Island Getaways of the Mexican Caribbean

Firstly I just have to say that I love Mexico. When I was a backpacking newbie the thought of taking a tour through Mexico sounded dangerous and overwhelming. However as a veteran at the end of 15 months on the road and 9 months in South America, Mexico wasn’t a problem at all.

Having said this there are definitely areas of the country that are safer and easier to navigate with the most popular area being the Yucatan Peninsula. No matter what you are into; food, beaches, history, nature and partying there will be something awe-inspiring for everyone. This well earned reputation amongst travellers plus its 2 hour flight time to America mean that it’s also pretty crowded year-round.

Maybe it’s just me, but there’s something about busloads of package tourists that makes me rage inside. So soon after arriving I began talking to other backpackers about where I could go to escape the mayhem around Cancun. There were 2 islands that kept being mentioned and both of them could be used to see the whale sharks that were in a breeding area of the coast.

The closest island to reach is called Isla Mujeres and is only a half hour fast boat from Cancun. It’s definitely not a quiet island but is a lot less crowded than the mainland and doesn’t have mega resorts ruining the view.

Stepping off the boat and walking down the road to the beach the first thing that we did after checking in was grab a beer to take the edge off the heat. The main hostel of the island back onto a small beach so it’s really easy to just find a patch of sand under a palm tree and just chill out watching the azure water. If this isn’t enough of a beach for you the main public beach is only 5 minutes walk away and is an incredible place to watch sunset.

Chilling on the beach at Isla Mujeres

This pretty much sums up life on Isla Mujeres. Chilling and reading books is the main activity but in more energetic times it’s possible to reach a couple of offshore reefs with some simple snorkelling gear. The water quality is fairly good and there are a lot of different coral species along with dolphins, turtles, rays and a few reef sharks.

By far the best thing you can do on the island during June-September is see the whale sharks that feed off the northern tip of the Yucatan. Every morning boats leave the island and make the 60-90 minute trip out to the feeding grounds where the sharks congregate with manta rays. We had a few chances to jump in the water and swim along beside them and get a closer look. It was a humbling experience to be so close to an animal that can swallow you whole and it was a lot harder to keep up than you’d think. A 12 meter shark swimming at a casual pace means one of us unfit backpackers swimming at full speed.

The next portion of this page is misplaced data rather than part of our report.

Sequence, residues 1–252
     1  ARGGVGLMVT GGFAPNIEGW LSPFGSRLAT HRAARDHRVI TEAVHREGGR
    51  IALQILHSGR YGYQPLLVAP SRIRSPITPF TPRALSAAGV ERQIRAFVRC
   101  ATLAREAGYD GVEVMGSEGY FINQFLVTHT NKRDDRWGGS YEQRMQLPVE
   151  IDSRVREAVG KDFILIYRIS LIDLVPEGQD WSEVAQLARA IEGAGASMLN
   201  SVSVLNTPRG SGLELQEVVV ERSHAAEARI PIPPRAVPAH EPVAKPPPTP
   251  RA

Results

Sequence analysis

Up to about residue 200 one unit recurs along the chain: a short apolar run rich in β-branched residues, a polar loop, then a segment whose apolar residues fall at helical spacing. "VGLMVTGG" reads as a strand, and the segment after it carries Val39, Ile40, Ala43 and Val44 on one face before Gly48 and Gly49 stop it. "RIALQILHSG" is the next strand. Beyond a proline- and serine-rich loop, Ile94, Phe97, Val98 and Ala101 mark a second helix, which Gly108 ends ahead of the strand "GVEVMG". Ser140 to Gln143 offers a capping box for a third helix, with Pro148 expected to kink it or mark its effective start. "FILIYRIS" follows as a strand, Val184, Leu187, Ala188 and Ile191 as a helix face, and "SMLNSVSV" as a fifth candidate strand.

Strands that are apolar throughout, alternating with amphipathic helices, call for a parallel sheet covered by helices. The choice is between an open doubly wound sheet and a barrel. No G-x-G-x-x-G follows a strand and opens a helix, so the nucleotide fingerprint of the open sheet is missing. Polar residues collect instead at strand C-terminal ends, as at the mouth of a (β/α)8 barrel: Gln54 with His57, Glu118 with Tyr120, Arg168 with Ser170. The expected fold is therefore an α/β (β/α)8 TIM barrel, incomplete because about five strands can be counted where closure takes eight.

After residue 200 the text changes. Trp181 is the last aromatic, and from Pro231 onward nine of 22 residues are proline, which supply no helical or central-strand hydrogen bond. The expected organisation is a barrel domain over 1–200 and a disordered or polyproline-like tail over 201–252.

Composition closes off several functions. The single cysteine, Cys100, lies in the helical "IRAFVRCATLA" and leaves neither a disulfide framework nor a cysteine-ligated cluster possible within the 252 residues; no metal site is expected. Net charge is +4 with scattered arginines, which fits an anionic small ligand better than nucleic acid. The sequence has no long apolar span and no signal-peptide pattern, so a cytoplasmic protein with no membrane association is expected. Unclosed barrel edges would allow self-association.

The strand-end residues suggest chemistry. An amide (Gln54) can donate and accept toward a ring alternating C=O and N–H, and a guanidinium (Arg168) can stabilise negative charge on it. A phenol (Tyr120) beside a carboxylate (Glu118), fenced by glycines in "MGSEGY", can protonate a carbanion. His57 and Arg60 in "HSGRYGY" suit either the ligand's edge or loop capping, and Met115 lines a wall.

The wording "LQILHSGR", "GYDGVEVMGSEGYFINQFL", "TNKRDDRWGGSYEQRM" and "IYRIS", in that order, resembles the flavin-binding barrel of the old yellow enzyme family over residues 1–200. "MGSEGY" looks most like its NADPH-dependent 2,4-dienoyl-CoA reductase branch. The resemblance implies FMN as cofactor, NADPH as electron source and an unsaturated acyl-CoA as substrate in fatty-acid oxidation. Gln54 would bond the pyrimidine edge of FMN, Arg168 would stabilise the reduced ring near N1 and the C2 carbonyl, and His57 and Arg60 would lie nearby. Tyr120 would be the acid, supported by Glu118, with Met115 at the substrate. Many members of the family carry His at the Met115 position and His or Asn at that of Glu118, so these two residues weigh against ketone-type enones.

Swimming with the whale sharks off northern Mexico

After a couple of days relaxing on Isla Mujeres it was time to check out the second island that seemed to have a cult following, Isla Holbox. It’s reached by traveling back to Cancun and then taking a 4 hour bus followed by another water taxi. Arriving on the island is like taking a step back in time to what the coast must have been like before the insane tourism development. The roads are all sand, there are only a few cars, everyone walks or bikes around and the atmosphere is so relaxed it could make you fall asleep.

Over the next few days it would become my favourite place in Mexico. Judging by how many people have gotten ‘stuck’ there for a month or more I could tell that it wasn’t just me either. I can only imagine that Holbox is like the Gili Islands in Indonesia 20 years ago.

Sunset on Isla Holbox, Mexico

With a bike or walking the island can be easily explored. There are so many tracks running in every direction that after 4 days I still hadn’t been to every corner. The main beach can get pretty busy so going either east or west away from the hotel zone will put you on a deserted patch of beach in no time. Go far enough east and you will find the islands most famous attraction, flocks of flamingos! They aren’t too scared of humans and an easy swim out to the sand bars will put you close enough to almost touch them. There are dedicated tours that will take you further along the island to see bigger flocks of flamingoes and turtles if you feel like seeing more.

At night is when the other amazing part of Holbox is revealed. When the night is completely dark before the moon rises; get into your swimmers (or don’t) and jump into the ocean. What you will see is some of the strongest bioluminescence in the Caribbean. It’s definitely the brightest I’ve ever seen. With a couple of people swimming around in the water it looks what I imagine it’s like being inside a glow stick. Making it even cooler is the glowing larvae and plankton working together. Plankton make the water glow and the larvae twinkle like stars. 

Flamingos at Isla Holbox, Mexico

Everything great about Mexico is packaged up in one place at Holbox. The People, both locals and tourists alike, recognise that there’s nowhere else like it and are stubbornly trying to keep the island from changing for the worse. The yoga, craft workshops and eco accomodation all provide some alternative activities to stay busy during the hottest part of the day. At night there are a truckload of beach bars and clubs to keep things going into the morning hours. As long as you aren’t affecting anyone else you can party or chill as hard as you want.

Holbox has a reputation for being the island of love and after a few minutes on the beach at sunset you will see why. Even if you arrive by yourself you might not leave that way so be on the lookout for the island sending you some good karma. 

Sunset on Isla Holbox, Northern Mexico

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